Bee Healthy with Your Honey

A week on being sweet with yourself and others, sans the sourness
Sofia Bautista / Highlander

The Campus Advocacy, Resources & Education group (CARE) hosted their annual Bee Healthy with Your Honey celebration all through last week, a collection of events aimed to teach students what it means to love yourself as well as love others. The week was organized by the Sexual Assault and Violence Education (SAVE) Peer Group, a partnered group under CARE.

On Tuesday, Feb. 25, students gathered in a circle in HUB 355, on chairs or yoga mats, snacks in hand and wrapped in blankets as they introduced themselves for “Bee Your Own Boo: The Importance of Self Love for Relationships.” From the discussion, it was learned that self-care can come in many forms: for some, it’s putting on makeup in the morning, for others it’s looking back on what they are grateful for, be it today or throughout their whole life.

Neglecting to care for yourself can have detriments beyond mental; it strained the relationships of some and left others bedridden from burnout. It was mentioned that students can especially have it rough. As one attendee put it, “Keep in mind that we’re students and that we have to deal with a lot. We can have three lectures back to back with no time for lunch,” but regardless she emphasized that “we need to have a way to keep ourselves energized so we can be and give our best.”

Jacqueline Grimaldo, a fourth-year sociology law and society major, was a SAVE Peer Educator that helped manage the event with her team. Rather than list what the attendees could do to practice self-care, Grimaldo and her group determined that they should focus on “really unpacking what that (self-care) means for you and for the people around you.” As such, the relaxed organization of the room, which was filled with mats and blankets, was meant to make the discussion feel intimate.

On Wednesday, Feb. 26, SAVE hosted the “Bee Healthy with Your Honey Tabling Fair,” complete with tablers from various campus resource centers as well as activity tables. At the tabling fair was a button-making station and a CARE gram table where students could write a loving message to anyone, even themselves.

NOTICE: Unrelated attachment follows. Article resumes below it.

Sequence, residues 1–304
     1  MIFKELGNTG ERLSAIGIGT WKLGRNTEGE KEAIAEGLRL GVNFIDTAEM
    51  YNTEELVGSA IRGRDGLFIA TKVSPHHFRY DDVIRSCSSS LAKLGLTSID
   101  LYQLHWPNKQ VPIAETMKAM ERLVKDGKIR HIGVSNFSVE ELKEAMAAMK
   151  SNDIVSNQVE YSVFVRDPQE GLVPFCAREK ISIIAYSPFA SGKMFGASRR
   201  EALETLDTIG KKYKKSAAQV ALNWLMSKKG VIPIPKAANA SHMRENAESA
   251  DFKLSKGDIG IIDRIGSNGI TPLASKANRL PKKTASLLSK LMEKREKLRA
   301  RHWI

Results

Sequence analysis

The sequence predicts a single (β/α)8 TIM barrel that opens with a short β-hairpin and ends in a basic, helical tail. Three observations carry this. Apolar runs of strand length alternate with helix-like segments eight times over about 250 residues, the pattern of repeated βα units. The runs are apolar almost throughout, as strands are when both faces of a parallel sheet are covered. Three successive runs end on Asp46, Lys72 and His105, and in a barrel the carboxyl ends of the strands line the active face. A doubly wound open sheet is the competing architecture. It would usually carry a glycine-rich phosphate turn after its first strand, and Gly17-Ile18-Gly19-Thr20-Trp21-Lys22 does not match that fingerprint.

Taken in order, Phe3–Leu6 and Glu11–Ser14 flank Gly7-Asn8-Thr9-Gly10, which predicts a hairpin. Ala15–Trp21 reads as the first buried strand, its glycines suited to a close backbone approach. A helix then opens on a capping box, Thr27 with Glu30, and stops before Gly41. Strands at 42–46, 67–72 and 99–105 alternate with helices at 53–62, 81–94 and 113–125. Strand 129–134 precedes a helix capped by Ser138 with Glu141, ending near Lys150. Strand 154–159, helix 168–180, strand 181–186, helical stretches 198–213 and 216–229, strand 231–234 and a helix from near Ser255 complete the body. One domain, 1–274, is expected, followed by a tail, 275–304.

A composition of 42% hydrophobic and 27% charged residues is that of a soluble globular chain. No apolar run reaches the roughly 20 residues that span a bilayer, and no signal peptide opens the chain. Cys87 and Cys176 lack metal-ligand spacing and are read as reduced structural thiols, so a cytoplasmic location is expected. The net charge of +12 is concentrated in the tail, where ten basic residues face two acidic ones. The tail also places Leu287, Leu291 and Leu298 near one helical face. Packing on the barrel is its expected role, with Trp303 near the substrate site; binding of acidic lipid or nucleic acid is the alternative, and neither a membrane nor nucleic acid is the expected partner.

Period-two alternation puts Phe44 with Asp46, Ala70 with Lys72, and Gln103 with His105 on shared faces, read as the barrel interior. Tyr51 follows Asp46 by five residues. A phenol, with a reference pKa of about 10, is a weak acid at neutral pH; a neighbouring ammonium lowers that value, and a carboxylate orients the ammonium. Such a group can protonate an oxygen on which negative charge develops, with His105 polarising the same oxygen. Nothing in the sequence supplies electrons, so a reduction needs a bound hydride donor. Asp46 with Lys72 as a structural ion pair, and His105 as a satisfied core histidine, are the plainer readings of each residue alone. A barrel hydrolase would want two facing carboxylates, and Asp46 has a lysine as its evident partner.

There was also a station that discussed the five love languages (quality time, receiving gifts, words of affirmation, physical touch and acts of service) and allowed students to find which languages of love they were fluent in, though this was no longer the case once they ran out of survey sheets. Meanwhile, students put sticky notes of what love was to them on a whiteboard surrounding a heart-shaped “Healthy” in the middle. One note read, “consider your loved ones before moving forward.” Another, “HONEY” in full capitalization; perhaps the writer meant that one be sweet as such, keeping in line with the name of the week.

Tablers came from all over campus and handed out pamphlets with information on different resource centers: those looking for mental help were asked to stop by Counseling and Psychological Services (CAPS). For the food-insecure on campus, of which two-thirds of UCR’s campus classifies as, a “Food For Thought” quad-folding pamphlet was handed out, outlining various food resources on and off campus. There were also several tables focused on the education of sexual health, sharing information on things like navigating HIV and AIDS and responding to sexual assault.

Sofia Bautista / Highlander

The next day, “Bee Healthy in All Relationships” was held in HUB 260, where attendees discussed what it meant to maintain a healthy relationship, be it romantic, friendly or anywhere in between. CARE’s Violence Prevention Coordinator Lisa Chu talked about how her group has helped UCR students maintain healthy relationships over the years. “I think one big accomplishment is that students are becoming a lot more understanding, gaining more awareness and feeling a lot more empowered to utilize resources to seek help, to talk to the advocates, to look into all their options,” she said.

Ultimately, Chu wants CARE to feel like a place students can turn to when they are scared. One important aspect of our office is it’s a confidential resource for those who “seek it out like a safe space, that’s the intention … What the advocates do in our office is provide people a way out, options for them so they can decide whether they want to seek out help or if they want to report something: advocates really support them through that process.”

Links to resources related to this article can be found in the online publication. To find more student resources, visit CARE’s office in Life Sciences 2620 or visit them online at care.ucr.edu.

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